Several British universities have come under pressure over their controversial links with the Libyan government.
A public outcry over donations from the Gaddafi regime to the London School of Economics has forced its director to resign. Saif Gaddafi, a son of Libya’s leader Muammar Gaddafi, attended to the LSE and received a Doctoral degree there. On receiving the degree, Saif Gaddafi’s foundation donated $2.5 million to the university. After the donation was revealed, Howard Davies, the LSE’s director had to step down from his office in early March.
Another Gaddafi's son, Mutassim Gaddafi, received tuition at the School of Oriental and African Studies (SOAS) in 2006. Following his studies there, the SOAS announced a lucrative deal with a Libyan University whereby they would be given some $250,000 to teach a finance course in Libya.
Liverpool John Moores University declared its links with Libya even before the media found out about it themselves. John Moores was given money by Libya to run a business school, a health faculty and a car facility. Nevertheless, the university's Vice-Chancellor Professor Michael Brown denied allegations of impropriety. "We have nothing to be embarrassed of whatsoever. Our work in Libya was about improving medical facilities, which are woeful," he said according to the Liverpool Daily Post.
The Prisons Studies department of King’s College in London formed a partnership with the Libya’s government to reform prisons in the country. They received money both from the British government and the Libyan government for fund that project.
Professor Andrew Coyle, director of the prison studies center was cited as saying by the Guardian newspaper: "Always when we work in problematic countries one of the first questions we ask is, are these people serious about change, or are we simply a fig leaf for a regime? They were serious about reform, and one of the first indications of this was that they accepted the suggestion that the prisons system should move from the Ministry of Public Security to the Ministry of Justice."
Moving prisons under the jurisdiction of the Ministry of Justice is a positive step for any country that has been advised by a human rights organization.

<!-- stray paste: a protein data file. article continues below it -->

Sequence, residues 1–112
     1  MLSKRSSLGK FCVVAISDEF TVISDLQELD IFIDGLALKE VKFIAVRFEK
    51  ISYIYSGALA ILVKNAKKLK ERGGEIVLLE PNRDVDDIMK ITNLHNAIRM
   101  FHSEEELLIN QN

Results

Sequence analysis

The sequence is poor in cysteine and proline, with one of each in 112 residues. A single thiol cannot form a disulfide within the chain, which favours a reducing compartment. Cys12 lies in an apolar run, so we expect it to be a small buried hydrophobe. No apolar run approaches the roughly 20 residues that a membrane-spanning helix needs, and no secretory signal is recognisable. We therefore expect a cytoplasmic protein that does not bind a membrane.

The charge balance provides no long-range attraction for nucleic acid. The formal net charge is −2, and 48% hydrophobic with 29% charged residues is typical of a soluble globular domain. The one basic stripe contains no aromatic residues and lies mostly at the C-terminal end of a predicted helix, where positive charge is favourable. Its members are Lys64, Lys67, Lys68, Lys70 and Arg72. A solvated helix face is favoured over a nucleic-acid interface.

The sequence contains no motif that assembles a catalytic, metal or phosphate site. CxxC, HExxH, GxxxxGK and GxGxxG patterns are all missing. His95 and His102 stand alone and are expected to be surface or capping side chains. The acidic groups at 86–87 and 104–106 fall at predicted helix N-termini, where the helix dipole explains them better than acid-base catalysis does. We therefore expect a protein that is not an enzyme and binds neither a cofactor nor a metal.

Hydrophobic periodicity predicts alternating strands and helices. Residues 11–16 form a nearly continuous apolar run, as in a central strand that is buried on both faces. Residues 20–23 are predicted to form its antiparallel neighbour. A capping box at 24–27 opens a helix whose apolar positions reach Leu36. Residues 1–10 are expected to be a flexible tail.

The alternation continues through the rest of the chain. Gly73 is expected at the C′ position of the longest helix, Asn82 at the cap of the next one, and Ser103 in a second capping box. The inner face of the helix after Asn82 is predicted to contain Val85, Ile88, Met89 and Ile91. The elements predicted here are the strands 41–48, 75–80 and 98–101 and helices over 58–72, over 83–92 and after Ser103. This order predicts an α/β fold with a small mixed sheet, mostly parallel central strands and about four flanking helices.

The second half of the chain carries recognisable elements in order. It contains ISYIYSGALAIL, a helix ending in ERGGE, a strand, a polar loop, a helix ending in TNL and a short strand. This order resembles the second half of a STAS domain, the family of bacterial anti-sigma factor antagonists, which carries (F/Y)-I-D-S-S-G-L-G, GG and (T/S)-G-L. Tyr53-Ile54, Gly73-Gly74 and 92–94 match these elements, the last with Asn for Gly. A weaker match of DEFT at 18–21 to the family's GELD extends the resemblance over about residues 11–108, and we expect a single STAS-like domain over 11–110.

However, under the terms of this project, the students from King’s College had no access to Abu Salim and Ain Zaratwo, Libya’s most notorious prisons, where political prisoners are often held for years without trial. It seems a huge omission on the part of the project team. But the university said it was a toss-up between doing nothing at all with the exclusion of these prisons or doing some good. Critics still say the university sold out in that case.
According to a report by the Center for Social Cohesion, many courses at British universities would be unable to run without money donated by a wide range of foreign despots. Benefactors include Iran, Saudi Arabia and China.
Iran has donated a total of quarter of million dollars across major universities in Britain – Durham University, St. Andrew’s University and the SOAS. The head of the Iranian studies in Durham said that the event which was organized by the auspices of the Iranian government was monopolized by pro-Ahmadinejad speakers. He also added that money from Iran comes with strings attached.
Saudi Arabia has given a total of $60 million to UK universities – Cambridge, Oxford, the SOAS and the University of Edinburgh. In Edinburgh and Cambridge, the money was used to build centers of Islamic studies. Saudi princes are then allowed to choose members of the management for these centers.
China has also granted a million dollars for use in forming cultural and language centers at the SOAS, Sheffield University and Edinburgh University. The Chinese government refers to these centers as part of its foreign propaganda strategy.
There is an enormous amount of concern about the money, and its probable influence on the academic independence and freedom of thinking in the British universities.